White House press secretary Jay Carney made clear Friday that President Obama would not sign an immigration bill unless it was comprehensive, a declaration made days after the president said he was open to a possible piecemeal approach.
"In the end, this has to be comprehensive," Carney told reporters during the daily White House briefing.
“What the president will not sign is piecemeal legislation that only [affects individual provisions],” Obama’s top spokesman added.
House Republicans have said they will not take up the comprehensive immigration bill passed by the Senate in June. Speaker John Boehner, R-Ohio, has said he will only move legislation that has the support of a majority of his caucus and Judiciary Committee Chairman Bob Goodlatte, R-Va., has said he will only move bills piecemeal. GOP leaders pounced on Obama’s most extensive endorsement of the piecemeal approach.
“If they want to chop that thing up into five pieces, as long as all five pieces get done, I don’t care what it looks like as long as it’s actually delivering on those core values that we talk about,” Obama said during a Wall Street Journal forum Tuesday.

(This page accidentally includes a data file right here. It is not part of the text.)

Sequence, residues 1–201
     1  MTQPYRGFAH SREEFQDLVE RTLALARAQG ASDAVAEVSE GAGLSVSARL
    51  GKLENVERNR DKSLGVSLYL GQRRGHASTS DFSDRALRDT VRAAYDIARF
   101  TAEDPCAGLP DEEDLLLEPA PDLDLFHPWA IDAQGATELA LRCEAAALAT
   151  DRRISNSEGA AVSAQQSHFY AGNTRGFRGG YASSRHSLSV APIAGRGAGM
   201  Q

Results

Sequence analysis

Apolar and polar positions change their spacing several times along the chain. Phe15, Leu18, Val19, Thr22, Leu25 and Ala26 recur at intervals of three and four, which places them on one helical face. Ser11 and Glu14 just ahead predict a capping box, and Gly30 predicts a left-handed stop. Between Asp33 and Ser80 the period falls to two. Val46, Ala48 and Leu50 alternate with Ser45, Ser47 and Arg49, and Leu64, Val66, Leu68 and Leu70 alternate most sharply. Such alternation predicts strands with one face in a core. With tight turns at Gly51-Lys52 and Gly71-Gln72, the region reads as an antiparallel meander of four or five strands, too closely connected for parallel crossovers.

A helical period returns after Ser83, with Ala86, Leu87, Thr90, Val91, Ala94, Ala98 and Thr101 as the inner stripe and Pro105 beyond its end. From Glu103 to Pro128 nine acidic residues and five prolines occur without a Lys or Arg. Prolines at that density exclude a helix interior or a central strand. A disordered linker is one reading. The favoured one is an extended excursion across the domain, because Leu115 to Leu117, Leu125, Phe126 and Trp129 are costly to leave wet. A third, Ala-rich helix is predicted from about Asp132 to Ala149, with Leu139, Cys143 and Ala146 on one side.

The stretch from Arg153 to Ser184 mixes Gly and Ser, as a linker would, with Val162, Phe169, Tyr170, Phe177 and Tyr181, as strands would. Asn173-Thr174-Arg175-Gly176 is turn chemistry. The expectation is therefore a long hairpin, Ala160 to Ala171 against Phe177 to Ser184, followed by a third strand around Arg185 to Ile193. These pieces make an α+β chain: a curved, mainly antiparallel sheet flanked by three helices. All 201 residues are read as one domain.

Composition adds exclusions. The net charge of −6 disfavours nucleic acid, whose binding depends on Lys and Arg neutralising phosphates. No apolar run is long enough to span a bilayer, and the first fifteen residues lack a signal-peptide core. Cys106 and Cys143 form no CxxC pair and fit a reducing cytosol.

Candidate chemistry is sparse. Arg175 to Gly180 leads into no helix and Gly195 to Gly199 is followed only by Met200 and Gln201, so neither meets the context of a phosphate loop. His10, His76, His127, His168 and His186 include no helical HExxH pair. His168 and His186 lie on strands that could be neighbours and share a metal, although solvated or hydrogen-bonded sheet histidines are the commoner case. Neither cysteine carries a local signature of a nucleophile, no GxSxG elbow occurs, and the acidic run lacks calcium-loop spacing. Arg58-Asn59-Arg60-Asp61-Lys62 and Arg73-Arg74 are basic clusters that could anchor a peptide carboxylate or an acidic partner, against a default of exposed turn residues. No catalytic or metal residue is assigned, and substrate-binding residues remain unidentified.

The fear among Democrats is that the House would pass border security measures and other elements popular with Republicans, while ignoring a pathway to citizenship for those in the U.S. illegally — often dismissed by critics as a form of amnesty.
Trying to pressure Republicans to act on the Senate bill, Vice President Biden visited the National Mall on Friday to meet with advocates fasting to protest the House's decision not to take up the immigration reform legislation.
Republicans argue that Democrats are trying to ram through big government legislation before conservatives can fully study the consequences. GOP leaders point to Obamacare as the model for what they want to avoid.
Carney bristled at that critique Friday.
“I don’t think that anybody would argue,” he said, that “immigration reform is being rushed here.”